Googles Voice Recognition Gaining on Siri

August 9, 2012


Google is taking a major swipe at Siri with a new feature in its iPhone and iPad search apps that mimics the question-and-answer abilities of Apple’s digital concierge.

The more conversational version of Google’s voice search debuted today at a press event in San Francisco. Top members of the company’s search team also announced a new version of the company’s web search that integrates Gmail to personalize the results of everyday searches.

The technology tying these new options together is what Google calls its Knowledge Graph, its fledgling effort to extend search’s understanding of the world beyond keywords. Google engineers say the company’s search engine now “knows” a half-billion real-world objects and 3.5 billion connections among those objects. In practice, this means when you ask, “When’s my flight?” or say, “Show me a video that explains quantum physics,” Google’s algorithms understand what you’re talking about—and, more importantly, what you’re trying to find out.

“There should be nothing standing between your thoughts and the knowledge you seek,” says Amit Singhal, Google’s senior vice president of engineering and clearly Google search’s idealist-in-chief.

Android users running the latest Jellybean operating system have already had this Siri-like voice-based asking-and-answering capability for the last few weeks, said Scott Huffman, Google’s director of mobile engineering. The updated iOS version of the Google Search app was submitted to the Apple App Store last week and should be available within the next few days, Singhal said. Huffman showed off the app’s fluency by peppering it with questions from “What will the weather be like this weekend?” (foggy and 68 degrees) to “What is (struggling San Francisco Giants pitcher) Tim Lincecum’s salary?” ($18 million). The app answered quickly and clearly, though in a voice that sounded slightly more robotic and stilted than Siri’s.

For now, the upgraded voice search won’t have the integrated Gmail personalization Google is starting to field-test this week. To understand how the new Gmail search feature works, you have to look to how Google has integrated its Knowledge Graph into general search results.

In the current version of search on Google’s non-mobile website, a query for “Dark Knight Rises” will result not just in a list of links to other websites but a box in the upper right-hand corner of the screen that includes a brief description of the movie, when it came out, who directed and wrote it, as well as a thumbnail gallery of cast members. Clicking “Anne Hathaway” takes you to a new page that on that same portion of the screen includes the actress’ headshot, a brief biography and a gallery of the movies in which she’s appeared. (In another new feature revealed Wednesday, those thumbnail galleries will become “knowledge carousels” at the top of the page if you click the header, a horizontally scrolling gallery that will display, for instance, the different rides at an amusement park.) This is Google’s Knowledge Graph in action: The search engine gives you not just ranked links to other pages with the information it thinks you’re seeking, but tries to extract and condense that information from elsewhere on the web into a user-friendly format that means you won’t have to click away from Google at all to find what you’re looking for:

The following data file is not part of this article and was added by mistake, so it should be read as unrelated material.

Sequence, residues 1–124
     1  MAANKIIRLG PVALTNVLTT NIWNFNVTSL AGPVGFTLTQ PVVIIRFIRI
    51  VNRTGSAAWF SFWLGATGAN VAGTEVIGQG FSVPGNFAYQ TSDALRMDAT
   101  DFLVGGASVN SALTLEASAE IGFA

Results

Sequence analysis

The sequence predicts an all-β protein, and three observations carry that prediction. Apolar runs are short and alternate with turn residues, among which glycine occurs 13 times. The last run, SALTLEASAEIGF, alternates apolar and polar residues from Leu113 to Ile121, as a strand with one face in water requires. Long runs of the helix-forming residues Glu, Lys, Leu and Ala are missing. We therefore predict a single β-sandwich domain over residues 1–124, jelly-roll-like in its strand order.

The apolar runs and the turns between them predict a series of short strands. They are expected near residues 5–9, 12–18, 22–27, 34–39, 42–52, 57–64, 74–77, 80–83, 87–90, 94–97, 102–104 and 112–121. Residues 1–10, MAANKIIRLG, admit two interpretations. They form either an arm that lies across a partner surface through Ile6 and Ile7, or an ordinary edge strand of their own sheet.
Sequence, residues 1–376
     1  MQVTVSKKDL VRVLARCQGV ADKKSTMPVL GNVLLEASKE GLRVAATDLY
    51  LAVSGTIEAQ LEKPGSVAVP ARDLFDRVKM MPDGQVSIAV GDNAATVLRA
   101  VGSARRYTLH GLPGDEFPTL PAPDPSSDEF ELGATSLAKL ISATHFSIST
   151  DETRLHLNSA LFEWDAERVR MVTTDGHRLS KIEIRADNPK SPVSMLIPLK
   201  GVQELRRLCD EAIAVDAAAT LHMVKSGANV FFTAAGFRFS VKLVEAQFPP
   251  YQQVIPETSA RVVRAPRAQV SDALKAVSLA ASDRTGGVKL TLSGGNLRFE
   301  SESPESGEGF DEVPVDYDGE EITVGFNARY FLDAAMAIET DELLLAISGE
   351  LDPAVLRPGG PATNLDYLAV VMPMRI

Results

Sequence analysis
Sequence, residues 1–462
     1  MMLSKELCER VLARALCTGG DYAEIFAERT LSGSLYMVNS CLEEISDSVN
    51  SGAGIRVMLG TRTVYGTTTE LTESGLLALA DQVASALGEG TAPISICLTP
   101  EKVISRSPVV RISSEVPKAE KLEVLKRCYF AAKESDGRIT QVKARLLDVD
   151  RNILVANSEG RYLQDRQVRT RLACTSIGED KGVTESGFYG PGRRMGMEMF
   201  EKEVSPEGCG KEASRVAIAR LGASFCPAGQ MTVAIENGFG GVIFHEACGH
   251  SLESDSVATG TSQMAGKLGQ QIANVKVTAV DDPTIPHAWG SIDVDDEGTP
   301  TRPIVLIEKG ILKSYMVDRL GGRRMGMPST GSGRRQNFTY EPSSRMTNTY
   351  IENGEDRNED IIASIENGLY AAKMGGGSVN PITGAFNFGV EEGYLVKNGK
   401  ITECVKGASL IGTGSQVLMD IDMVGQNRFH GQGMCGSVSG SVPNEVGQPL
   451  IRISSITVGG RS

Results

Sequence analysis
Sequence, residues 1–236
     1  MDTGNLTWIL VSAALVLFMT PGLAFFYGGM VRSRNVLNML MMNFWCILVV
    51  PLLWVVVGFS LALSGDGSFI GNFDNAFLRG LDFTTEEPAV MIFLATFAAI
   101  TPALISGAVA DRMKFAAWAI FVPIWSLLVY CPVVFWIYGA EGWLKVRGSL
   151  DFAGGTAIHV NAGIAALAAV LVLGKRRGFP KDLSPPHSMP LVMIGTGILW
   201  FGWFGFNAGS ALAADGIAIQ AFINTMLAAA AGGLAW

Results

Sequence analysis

With the Gmail search integration toggled on (it’s opt-in), the Knowledge Graph becomes personal. The algorithms the search engine uses to craft meaning out of disparate bits of information will comb your email for language structures it understands, such as flight itineraries and shipping confirmation emails from Amazon. Equipped with these little edifices of understanding, Googling “when is my flight” gets you as your top result the current status of the next plane you’re scheduled to take. A search for “amazon” gets you the link to the Amazon website in the main search results, but in the upper right-hand corner will get you a parsed list of Gmail results that zero in on the status of your latest order. For now, Google is conducting a “field trial” of integrated Gmail-web search open to 1 million users. (Sign up here.)

Sagar Kamdar, Google’s director of product management for universal search, praised the personalized Gmail search as a major timesaver that means not having to keep track of flight numbers or having to drill down several pages on Amazon’s site to find out where your order is. “We could just make your life so much easier,” Kamdar gushed.

But keeping our lives easier doesn’t just help us, it helps Google’s bottom line. The better Google gets at telling us what we want to know without leaving the site or the app means the more time we spend exposed to ads on Google. By building out its Knowledge Graph and integrating it with speech recognition and understanding, Google has an answer to Apple’s Siri. Google seems to have a major advantage in that contest in the form of its index of the entire web, though having that information and deriving meaning from it are two different challenges. In the end, Singhal says these advances in search are “baby steps” toward a dream he says he’s had since he was a kid, and what every tech company would have to consider the ultimate killer app:

“The destiny of search is to become that Star Trek computer,” he says, “that perfect loyal assistant that is right by my side whenever I need it.”

But to get there, Google will still have to wring a lot more meaning out of the 30 trillion URLs Singhal says exist on the web before the results of the 100 billion searches the company serves every month can answer every question at warp speed.


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